Self Titled is unfeigned, effortless chic. It speaks of simple classic elegance with discreet sensuality; played out on a platform that reflects expression and experimentation with plans of leatherwear, accessories and eventually footwear.
Self Titled designer Tulia Wilson creates pieces with longevity. Designed with women like her friends in mind, her pieces integrate easily into one’s wardrobe and transcend over time, allowing the wearer to add their own personality and interpretation to the garment.
Fresh off the plane from a snowboarding trip to Japan, Tulia graciously granted me some time of her own to speak of collaboration, fashion’s use of new media, and the way your heart flutters when you meet someone who really gets you.
Who is the Self Titled woman?
She is exactly that; a woman of her own making. A strong individual, she is intriguing, vivacious, intelligent, exciting. She dresses to please herself, in an unexpected, distinctive, effortless yet sensual way.
Your collection features an incredible array of textures from suede to lurex; what inspires you to make use of such diverse fabrics?
I have always been inspired by textures. I have just returned from an annual snowboarding trip to Japan and I am in awe of the incredible way that the Japanese manipulate the textures in nature to create beautiful objects; a piece of rock or a slice of bamboo is elevated to an almost divine status by the careful, reverential handling of these materials.
I certainly don’t claim to achieve anything like this, but textures in fabric are a bit like that for me. I prefer to play with juxtaposition and experiment with combinations of different materials together. The old adage ‘the whole is greater than the sum of its parts’ is what I am striving towards.
You spent fifteen years at Zambesi working across many aspects of the fashion business from retail to merchandising, marketing, show production and on to eventual creative direction of the company; what was the most challenging aspect of your role?
I loved my time at Zambesi. I was so fortunate to be given the freedom to learn so many skills. I feel it has stood me in very good stead. Probably the most challenging aspect was to keep such an established business at the forefront of the NZ fashion industry for so many years. While establishing the creative direction from a design perspective was such a fun process, and fairly effortless to be honest, the work was really to manage tight budgets to find new and innovative ways to profile the brand; ensuring it was always a step ahead of what our competitors were up to and that we were continuing to innovate and to prove season after season that Zambesi’s position as New Zealands most directional design house was justified. I believe it is much harder to do this for an established label than it is for a young brand.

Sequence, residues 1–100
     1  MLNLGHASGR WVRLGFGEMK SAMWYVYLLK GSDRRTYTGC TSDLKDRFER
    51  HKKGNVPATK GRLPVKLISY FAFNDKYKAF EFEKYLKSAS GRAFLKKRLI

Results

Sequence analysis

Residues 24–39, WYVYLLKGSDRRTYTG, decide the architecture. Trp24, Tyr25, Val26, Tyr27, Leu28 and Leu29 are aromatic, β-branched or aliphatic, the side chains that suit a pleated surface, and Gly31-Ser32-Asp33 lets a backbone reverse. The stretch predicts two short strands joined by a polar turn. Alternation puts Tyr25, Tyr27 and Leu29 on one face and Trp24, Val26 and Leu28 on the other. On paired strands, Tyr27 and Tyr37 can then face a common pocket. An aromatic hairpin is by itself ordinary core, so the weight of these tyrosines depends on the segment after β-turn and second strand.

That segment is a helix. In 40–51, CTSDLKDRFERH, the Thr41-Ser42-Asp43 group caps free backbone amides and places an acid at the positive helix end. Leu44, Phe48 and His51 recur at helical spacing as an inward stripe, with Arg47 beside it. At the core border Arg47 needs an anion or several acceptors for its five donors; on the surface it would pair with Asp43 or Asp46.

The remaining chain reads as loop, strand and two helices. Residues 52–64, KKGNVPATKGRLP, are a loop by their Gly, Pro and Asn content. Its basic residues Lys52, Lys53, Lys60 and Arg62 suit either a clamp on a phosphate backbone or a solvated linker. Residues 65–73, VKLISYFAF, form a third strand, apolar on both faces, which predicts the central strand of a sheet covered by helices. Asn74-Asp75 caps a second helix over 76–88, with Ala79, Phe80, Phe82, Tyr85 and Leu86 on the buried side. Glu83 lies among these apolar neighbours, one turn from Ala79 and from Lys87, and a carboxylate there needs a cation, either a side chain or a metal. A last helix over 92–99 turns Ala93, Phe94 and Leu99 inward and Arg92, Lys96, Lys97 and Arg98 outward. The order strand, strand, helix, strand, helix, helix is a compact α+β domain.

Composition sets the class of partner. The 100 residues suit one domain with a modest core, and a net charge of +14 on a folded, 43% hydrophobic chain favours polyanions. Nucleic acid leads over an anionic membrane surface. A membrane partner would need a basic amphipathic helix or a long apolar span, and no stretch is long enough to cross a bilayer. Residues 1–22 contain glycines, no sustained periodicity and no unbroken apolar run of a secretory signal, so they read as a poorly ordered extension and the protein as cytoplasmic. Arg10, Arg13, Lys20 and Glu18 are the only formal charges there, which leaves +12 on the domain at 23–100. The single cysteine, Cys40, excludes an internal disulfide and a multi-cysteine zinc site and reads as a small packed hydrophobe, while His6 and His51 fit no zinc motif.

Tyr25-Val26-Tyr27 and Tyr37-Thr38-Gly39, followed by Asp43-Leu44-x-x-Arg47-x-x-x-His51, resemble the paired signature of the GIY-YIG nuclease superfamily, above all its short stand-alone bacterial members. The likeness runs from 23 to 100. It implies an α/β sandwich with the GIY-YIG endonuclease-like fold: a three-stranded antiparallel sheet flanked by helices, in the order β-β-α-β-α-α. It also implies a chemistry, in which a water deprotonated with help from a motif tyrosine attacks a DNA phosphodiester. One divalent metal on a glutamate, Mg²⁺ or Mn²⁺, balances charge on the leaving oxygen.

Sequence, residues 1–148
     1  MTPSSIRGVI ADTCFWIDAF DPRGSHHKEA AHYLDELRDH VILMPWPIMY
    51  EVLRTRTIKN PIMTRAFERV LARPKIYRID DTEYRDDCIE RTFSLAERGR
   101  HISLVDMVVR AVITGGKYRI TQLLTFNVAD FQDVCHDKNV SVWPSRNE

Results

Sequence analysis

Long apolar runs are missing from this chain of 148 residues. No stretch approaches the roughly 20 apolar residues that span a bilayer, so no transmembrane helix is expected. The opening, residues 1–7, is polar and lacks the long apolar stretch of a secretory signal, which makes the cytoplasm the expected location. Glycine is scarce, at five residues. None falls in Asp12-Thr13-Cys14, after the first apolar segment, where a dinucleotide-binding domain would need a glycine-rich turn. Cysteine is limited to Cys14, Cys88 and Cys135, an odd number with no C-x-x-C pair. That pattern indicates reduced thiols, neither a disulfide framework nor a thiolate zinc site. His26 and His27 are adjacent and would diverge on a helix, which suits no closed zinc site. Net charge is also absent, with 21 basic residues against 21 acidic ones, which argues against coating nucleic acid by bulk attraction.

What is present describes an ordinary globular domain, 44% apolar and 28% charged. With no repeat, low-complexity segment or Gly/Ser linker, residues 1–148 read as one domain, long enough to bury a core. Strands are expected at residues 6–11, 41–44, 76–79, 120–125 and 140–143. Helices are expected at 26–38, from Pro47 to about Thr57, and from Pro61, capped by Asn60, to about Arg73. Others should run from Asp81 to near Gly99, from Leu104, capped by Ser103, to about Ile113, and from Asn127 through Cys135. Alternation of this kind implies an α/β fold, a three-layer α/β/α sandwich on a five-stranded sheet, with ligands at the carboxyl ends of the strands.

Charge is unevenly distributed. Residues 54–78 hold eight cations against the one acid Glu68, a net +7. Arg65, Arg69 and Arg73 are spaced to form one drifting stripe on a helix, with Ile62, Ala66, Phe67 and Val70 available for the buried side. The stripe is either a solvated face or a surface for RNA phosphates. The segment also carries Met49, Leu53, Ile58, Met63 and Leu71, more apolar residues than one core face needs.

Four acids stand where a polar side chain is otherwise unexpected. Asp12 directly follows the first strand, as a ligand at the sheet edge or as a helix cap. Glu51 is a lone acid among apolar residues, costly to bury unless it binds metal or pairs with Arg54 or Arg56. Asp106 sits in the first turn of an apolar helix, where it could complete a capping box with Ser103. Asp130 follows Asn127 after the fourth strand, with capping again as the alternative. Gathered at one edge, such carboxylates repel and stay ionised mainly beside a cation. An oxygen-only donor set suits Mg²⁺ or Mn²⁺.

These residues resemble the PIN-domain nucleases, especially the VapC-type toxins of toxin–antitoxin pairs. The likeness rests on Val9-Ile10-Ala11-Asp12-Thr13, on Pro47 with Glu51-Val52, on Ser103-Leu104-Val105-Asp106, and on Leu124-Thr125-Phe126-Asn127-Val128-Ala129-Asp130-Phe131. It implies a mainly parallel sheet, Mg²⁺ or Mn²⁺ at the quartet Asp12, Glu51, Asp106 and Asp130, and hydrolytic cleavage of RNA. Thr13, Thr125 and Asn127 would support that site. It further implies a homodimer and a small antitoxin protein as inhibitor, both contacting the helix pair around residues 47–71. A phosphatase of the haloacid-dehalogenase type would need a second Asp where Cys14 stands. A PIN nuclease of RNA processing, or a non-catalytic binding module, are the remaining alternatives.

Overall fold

You have worked on creative projects for labels such as Konstantina Mittas alongside super stylist Pip Edwards; do you believe collaboration is the key to success as a designer?
Not necessarily. I appreciate how well collaborations work for some designers, and how recent combinations of high end brands and designers who have generated collections for mass market retailers can indeed result in an expansion of their profile and market share. But for me, it is just important to stay true to the work that you do. I believe that if the collaboration comes naturally and is mutually beneficial then it can be an amazing opportunity. I do love working with my friends, and that is why I seized the opportunity to work with Pip as she and I have a lot of fun working together.
What are your thoughts on fashion’s use of new media?
I think that new media is an extraordinarily powerful tool for the fashion industry. Look at how well talents such as Alexander McQueen used new media technology. The egalitarian nature of the internet means that a young designer can profile themselves as effectively as an established brand if they choose to do so. The rise of blogs and street fashion on the internet is a very important influence on many designers, and raises the bar of fashion as a whole.
However, because of the saturation of imagery and then immediacy of it, people now have a short attention span and get bored quickly. It is still important to celebrate the craftsmanship of fashion; to take the time and understand what goes into making every garment.
The Self Titled brand identity features a striking logo; what was the inspiration for the design?
The design was the brainchild of the very talented Mr Jonathan Zawada. I sat down and had a lengthy conversation with him about what I loved about fashion, and what I loathed. I talked about texture and colour, and how I felt it was a little boring that so much fashion identity was often black and white. We also discussed all sorts of things that had nothing to do with fashion. Then I left him to it. The result you see is how he interpreted me. It was very exciting to have somebody create something specifically for me. I think it is the first time in my life that I have had that experience; it is amazing when somebody really ‘gets you’. I wanted an identity that stood on its own, and that could develop its own personality over time.